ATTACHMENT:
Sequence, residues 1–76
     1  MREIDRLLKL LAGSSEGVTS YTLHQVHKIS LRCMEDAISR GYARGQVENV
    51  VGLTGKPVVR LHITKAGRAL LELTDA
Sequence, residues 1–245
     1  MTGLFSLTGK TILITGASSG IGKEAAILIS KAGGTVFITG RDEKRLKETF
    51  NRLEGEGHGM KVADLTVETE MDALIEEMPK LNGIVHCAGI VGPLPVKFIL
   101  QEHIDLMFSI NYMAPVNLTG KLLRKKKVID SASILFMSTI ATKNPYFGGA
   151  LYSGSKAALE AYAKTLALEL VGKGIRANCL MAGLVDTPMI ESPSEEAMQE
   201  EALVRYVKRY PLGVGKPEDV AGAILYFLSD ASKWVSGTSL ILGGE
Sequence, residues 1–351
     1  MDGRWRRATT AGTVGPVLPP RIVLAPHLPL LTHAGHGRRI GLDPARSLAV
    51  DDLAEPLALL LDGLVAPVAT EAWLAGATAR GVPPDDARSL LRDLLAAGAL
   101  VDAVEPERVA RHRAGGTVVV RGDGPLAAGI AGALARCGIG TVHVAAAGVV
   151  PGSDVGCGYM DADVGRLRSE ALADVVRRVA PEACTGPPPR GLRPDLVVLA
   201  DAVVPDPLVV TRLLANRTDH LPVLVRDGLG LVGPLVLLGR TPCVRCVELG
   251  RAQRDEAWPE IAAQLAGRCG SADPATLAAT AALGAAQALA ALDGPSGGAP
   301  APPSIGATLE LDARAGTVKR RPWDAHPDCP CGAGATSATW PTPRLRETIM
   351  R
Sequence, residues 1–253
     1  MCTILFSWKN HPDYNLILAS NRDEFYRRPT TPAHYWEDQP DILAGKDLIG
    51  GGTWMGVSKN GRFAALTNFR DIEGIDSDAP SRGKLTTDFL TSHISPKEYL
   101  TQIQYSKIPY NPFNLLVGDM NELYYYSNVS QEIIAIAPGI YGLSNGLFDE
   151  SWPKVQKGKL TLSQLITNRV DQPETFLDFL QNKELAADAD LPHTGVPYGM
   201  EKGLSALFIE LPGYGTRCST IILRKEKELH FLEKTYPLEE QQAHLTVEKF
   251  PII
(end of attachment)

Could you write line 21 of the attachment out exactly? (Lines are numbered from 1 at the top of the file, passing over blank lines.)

    51  GGTWMGVSKN GRFAALTNFR DIEGIDSDAP SRGKLTTDFL TSHISPKEYL